If Wilma’s Ann Arbor were a person, she’d be a trendy, crunchy redhead who owns cats and succulents and has a spice garden in her backyard. She’d be the type of woman who could look cute matching completely different patterns, casually pull off clogs and she’d always use reusable grocery bags at the farmer’s market. She’d be the girl at hot yoga who isn’t trying to show off but is just naturally incredibly flexible and somehow looks good after sweating for an hour-long class. She’d play the guitar and enjoy hiking, make her own oat milk and have her own book club. She’d also be an Instagram influencer from L.A. 

Wilma’s (formerly known as Fred’s) has been a staple in the Ann Arbor community since it first opened its doors on South University Avenue three years ago. The trendy, health-foodie cafe and coffee bar “Fred’s” moved to its spot on E. Washington Street and grew into its quirky name with a similarly idiosyncratic personality. After facing licensing issues with the name, the original Fred’s had to rebrand and create a new title for the well-known restaurant. Being such a pertinent part of student life at the University of Michigan, owners Sava Farah and managing partner Nathan D’Andrea left the choice in the hands of the customers, running a name-change campaign for several months in which they received thousands of ideas. 

“The goal,” D’Andrea said in an interview with The Daily, “was for our customers to give us a name that makes the feel at home –– there’s a certain feeling people get when they come in here and we wanted the name to reflect those sentiments.” 

When selecting the perfect name for their spot, they knew they wanted to go with a female name and something that had the same personal feel that Fred’s did. They assume that multiple people suggested Wilma’s because of the Flintstones reference –– Wilma being Fred Flintstone's wife –– but the team behind Wilma’s selected the name because they associated it with a homey and happy feel. They felt as though the name “Wilma” felt like an older generational name and liked the way the ‘w’ looked in cursive on their fresh new logo as well.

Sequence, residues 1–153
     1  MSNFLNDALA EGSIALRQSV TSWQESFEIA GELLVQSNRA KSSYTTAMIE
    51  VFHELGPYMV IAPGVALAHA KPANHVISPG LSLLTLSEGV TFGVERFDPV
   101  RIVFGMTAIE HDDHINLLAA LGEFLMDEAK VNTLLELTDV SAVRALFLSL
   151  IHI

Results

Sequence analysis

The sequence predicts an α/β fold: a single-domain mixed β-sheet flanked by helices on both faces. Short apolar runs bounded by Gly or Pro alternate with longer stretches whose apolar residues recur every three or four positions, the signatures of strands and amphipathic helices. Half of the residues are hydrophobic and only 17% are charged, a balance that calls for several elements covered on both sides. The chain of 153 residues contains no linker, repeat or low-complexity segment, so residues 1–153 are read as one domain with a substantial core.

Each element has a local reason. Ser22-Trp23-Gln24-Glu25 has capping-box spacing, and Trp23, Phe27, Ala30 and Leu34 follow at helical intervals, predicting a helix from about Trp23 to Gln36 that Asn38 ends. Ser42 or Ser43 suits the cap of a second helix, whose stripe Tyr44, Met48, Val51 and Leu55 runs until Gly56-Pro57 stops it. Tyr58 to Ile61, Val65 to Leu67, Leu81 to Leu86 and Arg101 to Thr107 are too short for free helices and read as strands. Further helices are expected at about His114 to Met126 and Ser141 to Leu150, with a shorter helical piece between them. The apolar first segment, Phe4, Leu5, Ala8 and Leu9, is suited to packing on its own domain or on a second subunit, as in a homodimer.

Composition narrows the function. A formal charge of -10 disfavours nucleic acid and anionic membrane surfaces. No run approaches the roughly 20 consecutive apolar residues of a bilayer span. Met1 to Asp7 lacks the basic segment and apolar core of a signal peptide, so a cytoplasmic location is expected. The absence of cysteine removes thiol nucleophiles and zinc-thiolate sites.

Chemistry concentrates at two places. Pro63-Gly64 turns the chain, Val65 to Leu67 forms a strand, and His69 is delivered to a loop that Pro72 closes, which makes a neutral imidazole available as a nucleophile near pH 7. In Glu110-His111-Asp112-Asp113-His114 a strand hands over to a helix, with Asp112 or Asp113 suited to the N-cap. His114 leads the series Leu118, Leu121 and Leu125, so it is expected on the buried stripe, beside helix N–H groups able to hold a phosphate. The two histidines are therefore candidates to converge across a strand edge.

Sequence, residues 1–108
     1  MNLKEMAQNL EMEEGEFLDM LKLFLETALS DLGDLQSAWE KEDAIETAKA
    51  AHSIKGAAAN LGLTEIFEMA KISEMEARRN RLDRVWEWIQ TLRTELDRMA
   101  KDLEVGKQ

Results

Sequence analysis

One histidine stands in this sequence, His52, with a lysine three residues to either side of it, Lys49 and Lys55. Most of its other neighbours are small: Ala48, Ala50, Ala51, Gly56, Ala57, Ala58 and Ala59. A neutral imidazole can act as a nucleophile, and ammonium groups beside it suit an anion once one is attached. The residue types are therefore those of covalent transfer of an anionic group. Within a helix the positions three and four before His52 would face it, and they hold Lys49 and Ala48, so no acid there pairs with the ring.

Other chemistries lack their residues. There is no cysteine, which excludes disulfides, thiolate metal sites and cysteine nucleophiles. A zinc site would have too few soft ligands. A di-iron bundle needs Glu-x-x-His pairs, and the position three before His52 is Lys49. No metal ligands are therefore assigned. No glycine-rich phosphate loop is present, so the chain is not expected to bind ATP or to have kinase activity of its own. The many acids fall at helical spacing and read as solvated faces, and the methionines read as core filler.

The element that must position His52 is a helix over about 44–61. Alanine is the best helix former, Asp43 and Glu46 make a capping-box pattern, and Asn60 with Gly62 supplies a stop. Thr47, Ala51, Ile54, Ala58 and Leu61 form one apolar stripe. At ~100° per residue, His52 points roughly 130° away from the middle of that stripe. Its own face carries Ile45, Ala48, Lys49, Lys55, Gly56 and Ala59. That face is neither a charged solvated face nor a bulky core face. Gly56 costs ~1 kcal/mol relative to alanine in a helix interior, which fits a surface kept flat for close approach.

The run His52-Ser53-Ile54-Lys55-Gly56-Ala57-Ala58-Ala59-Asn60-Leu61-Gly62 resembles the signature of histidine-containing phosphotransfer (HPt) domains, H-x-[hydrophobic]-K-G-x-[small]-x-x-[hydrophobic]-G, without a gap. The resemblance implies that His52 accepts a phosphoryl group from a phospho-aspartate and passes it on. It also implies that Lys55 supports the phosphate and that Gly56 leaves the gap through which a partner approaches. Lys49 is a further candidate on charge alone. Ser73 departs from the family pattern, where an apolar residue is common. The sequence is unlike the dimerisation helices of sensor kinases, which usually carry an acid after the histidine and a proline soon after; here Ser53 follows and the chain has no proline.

“Wilma’s reminds a lot of us of a mother or grandmother’s name,” D’Andrea said. “And a lot of people associated Fred’s, and now Wilma’s, with a feeling of home.” 

Something about the interior of the restaurant really brings on that comfortable, cozy feel whenever you walk into the door for brunch, lunch, dinner or a smoothie. The white-tiled floors are complemented by bright, natural light spilling in from the floor-to-ceiling windows, and lush, green, overgrown plants adorn all of the empty spaces. A bohemian style hanging swing, comfortable low couches and a simple earth tone rug decorate the living-room-esque seating area before the counter. The intention here is to fill some of the empty space in the restaurant with purposeful furniture, instead of misusing or not using the space at all. The living room area is often utilized as a study spot, a reading nook or a solo dining area when someone stops in for a lunch break or a latte. To the left of the counter, the main seating section is mostly white and simple, complemented by simple, green toned accessories and of course, on the tables, the beautifully crafted acai bowls and heavily topped avocado toasts. 

The interior of Wilma’s really fits her unique personality, the culinary experience and overall chic ambiance. The idea for Ann Arbor’s premiere health food oasis was born out of a vision to bring a clean, creative culinary experience to Ann Arbor –– one that mimics health food trends on the East and West Coasts that we as diners don’t often have the privilege of encountering in the Midwest. 

“You know food trends sort of start in Australia, and then they go to California, and then they skip over the entire country and go to the East Coast,” said D’Andrea when asked about the original intention and idea behind Wilma’s. “We wanted to create an East Coast-West Coast vibe, serving everything from light snacks to meals. We wanted to stay ahead of the trends so that we can be the start of the trends for other places here in Ann Arbor. Being a city that has a surplus of folks from other coastal cities, the idea works really well.”